generalpornmovies
Hip Pain – Greater Trochanteric Pain Syndrome

Hip Pain – Greater Trochanteric Pain Syndrome

Hip Pain – Greater Trochanteric Pain Syndrome

Late last year Jacinta attended a course on ‘Greater trochanteric pain syndrome’. This syndrome covers many dysfunctions and injuries around the hip.
Greater trochanteric syndrome is caused by irritation of the bursa (fat pad) which is a shock absorber as well as a lubricant for the muscles around the hip that lie adjacent to it.
The bursa cannot be irritated on its own, there are many injuries that pre-exist that eventually cause the bursa to become inflamed.
Once the bursa is inflamed it can be hard to treat as it can become irritated easily. Exercise can help however it needs to be assessed appropriately and only then can a closely watched exercise program commence.

Completing a hip assessment is not an easy process, if you have had your hip assessed by us you may remember there are many objectives that we need to measure and test before we can derive exactly what is causing your hip pain. This is how we can prescribe the correct type of program.
One exercise that Jacinta has introduced to MD Health is a seated hip abduction hold with a belt. This is a great way to strengthen the gluteal muscles without causing irritation to the bursa! Once the pain has relieved we can progress to isometric holds with added resistance. You may have seen some of these exercises around the clinic!

10931236_782724421774871_9113020698101817139_n

250530_782724431774870_3739373741594215300_n

Eccentric Based Strengthening

Eccentric Based Strengthening

Eccentric Based Strengthening – proven to increase flexibility and reduce lower limb injury according to recent studies!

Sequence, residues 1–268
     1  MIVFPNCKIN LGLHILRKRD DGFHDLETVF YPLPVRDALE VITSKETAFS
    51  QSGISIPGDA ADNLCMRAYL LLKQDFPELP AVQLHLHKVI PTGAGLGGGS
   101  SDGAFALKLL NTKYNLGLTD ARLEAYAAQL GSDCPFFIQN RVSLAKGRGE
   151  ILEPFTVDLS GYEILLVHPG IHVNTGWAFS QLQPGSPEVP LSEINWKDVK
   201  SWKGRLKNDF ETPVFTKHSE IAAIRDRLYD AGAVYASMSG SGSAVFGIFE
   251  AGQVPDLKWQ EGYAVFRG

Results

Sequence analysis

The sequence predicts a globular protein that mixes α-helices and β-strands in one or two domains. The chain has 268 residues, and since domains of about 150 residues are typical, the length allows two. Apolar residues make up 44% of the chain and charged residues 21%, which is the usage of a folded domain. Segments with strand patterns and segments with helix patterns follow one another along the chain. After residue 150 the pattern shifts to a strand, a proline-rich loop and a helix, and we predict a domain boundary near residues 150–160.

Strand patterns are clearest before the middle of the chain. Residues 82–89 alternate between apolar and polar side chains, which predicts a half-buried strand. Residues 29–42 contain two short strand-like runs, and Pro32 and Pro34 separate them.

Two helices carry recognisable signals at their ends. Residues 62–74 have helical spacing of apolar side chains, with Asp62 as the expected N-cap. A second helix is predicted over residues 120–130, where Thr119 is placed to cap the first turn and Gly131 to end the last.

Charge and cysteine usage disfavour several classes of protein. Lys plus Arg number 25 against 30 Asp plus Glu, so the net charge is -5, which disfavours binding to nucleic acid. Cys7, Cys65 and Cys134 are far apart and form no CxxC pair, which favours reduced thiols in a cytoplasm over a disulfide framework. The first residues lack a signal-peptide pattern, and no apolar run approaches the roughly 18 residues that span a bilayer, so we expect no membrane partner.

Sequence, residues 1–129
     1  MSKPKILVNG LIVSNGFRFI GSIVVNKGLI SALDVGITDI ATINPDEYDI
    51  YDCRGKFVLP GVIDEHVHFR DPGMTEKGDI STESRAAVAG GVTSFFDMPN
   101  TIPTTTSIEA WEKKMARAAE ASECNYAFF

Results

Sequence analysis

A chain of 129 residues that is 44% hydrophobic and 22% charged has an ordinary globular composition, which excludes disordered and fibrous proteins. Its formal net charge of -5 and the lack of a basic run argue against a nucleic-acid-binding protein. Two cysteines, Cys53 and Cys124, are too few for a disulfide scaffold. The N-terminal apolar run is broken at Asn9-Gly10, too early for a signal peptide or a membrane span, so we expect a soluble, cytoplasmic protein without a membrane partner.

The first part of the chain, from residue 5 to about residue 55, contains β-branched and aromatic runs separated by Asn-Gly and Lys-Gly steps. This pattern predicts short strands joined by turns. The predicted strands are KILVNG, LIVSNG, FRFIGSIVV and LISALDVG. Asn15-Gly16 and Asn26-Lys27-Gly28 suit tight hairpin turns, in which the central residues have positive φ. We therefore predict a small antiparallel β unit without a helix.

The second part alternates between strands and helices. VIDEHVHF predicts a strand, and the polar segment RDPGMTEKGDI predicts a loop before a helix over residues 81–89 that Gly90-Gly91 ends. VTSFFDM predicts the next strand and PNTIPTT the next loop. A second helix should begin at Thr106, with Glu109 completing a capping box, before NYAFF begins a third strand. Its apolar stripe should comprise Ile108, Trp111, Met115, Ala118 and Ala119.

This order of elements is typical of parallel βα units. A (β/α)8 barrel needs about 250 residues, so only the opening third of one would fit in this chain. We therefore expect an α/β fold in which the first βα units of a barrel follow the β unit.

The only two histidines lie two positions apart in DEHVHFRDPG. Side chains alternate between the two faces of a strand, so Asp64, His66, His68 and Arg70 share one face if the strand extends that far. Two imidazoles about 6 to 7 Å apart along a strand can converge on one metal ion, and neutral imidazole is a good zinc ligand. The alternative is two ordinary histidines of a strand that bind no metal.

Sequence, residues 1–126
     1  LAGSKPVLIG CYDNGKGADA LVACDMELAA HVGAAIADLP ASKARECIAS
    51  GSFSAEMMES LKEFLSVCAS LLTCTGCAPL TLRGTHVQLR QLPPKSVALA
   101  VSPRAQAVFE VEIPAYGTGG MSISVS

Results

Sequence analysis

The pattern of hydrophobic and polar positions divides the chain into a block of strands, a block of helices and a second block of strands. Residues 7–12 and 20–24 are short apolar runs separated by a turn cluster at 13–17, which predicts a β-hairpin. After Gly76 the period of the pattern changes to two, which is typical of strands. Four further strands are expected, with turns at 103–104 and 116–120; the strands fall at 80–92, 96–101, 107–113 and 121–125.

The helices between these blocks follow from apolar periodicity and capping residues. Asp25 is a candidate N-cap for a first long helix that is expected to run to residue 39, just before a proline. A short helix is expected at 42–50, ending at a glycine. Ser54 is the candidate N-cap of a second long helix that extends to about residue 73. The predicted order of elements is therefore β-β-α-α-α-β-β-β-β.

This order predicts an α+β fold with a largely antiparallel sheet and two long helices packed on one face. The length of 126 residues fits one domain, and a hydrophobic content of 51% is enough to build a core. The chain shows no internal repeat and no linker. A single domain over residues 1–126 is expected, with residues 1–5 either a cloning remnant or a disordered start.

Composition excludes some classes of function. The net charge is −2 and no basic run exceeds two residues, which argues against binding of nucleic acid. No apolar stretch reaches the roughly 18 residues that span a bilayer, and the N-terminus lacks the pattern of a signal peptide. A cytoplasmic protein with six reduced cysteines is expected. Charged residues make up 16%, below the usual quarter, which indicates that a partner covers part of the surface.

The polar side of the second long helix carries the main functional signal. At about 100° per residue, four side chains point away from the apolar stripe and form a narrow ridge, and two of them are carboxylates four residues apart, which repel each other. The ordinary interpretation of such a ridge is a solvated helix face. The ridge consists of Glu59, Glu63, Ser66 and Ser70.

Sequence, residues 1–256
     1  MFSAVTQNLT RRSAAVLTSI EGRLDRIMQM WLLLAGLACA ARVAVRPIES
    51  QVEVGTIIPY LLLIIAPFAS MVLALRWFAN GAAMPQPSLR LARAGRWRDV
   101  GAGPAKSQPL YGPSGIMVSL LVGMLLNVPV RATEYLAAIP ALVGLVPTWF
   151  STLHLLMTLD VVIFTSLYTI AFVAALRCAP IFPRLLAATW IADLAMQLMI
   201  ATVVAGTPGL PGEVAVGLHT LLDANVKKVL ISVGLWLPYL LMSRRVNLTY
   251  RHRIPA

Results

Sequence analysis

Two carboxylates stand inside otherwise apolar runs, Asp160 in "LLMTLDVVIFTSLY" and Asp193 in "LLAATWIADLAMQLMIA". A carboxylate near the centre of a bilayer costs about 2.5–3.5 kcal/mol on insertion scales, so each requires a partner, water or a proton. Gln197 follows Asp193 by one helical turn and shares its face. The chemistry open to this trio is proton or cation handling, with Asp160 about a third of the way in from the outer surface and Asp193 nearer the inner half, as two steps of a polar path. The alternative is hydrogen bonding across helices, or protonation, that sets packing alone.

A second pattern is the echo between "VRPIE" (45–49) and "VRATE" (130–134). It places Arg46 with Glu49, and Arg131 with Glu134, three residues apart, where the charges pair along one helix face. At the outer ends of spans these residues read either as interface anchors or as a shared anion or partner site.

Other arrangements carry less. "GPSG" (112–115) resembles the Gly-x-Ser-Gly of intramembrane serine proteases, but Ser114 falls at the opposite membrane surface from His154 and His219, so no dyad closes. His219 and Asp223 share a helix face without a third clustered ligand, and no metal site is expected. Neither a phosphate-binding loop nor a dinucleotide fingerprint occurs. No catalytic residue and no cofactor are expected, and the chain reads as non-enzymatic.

Stretching may be a thing  of the past according to a recent review  that looks at the effects of eccentric  (lengthening the muscle under load) training for increased strength,  flexibility and overall reduced risk of lower limb injuries.

There are many factors that contribute to lower limb injuries some of which are poor neuromuscular control, reduced strength, poor joint range of motion and reduced flexibility.

In the past stretching was believed to be an important part of injury rehabilitation and that it could reduce the time until return to sport and it has been an encouraged activity during a warm up and cool down for many sports for years.

Most current studies suggest that stretching is ineffective at reducing injury risk, post exercise muscle soreness and improving performance. In actual fact, stretching has been shown to be a cause of injury if done during a warm up. Stretching reduces  the contractile ability of the muscle and therefore decreases the stability of the joint.

So… If poor flexibility and range of motion are risk factors of lower limb injuries how can we improve this without stretching?

According to a review of 6 studies of the lower limb it showed consistent evidence that eccentric training increases range of motion with joint stability.

What is eccentric training?

eccentric-concentric1 bicep

All movements that we do with our body have a concentric (muscle shortening) phase and eccentric (muscle lengthening) phase.  For example when completing a bicep curl the concentric phase is lifting the weight towards to shoulder (muscle is shortening whilst contracting) and the eccentric phase is straightening the elbow again (muscle is lengthening whilst contracting).

Sarcomerogenesis is the most likely reason why a muscle can improve in flexibility after eccentric training. It is where there is a prolonged shift in the muscle length-tension curve and the muscle adapts to the mild damage that is caused by eccentric training. This then improves the generation of torque a muscle can provide as well as reduce the chance of injury in an extended joint position.

Next time you decide to push yourself into a painful stretch think about whether this could be detrimental to your muscles and joints. Ask how we can help you complete some eccentrically loaded exercises to improve your flexibility.

Written by Beth Chiuchiarelli – Exercise Physiologist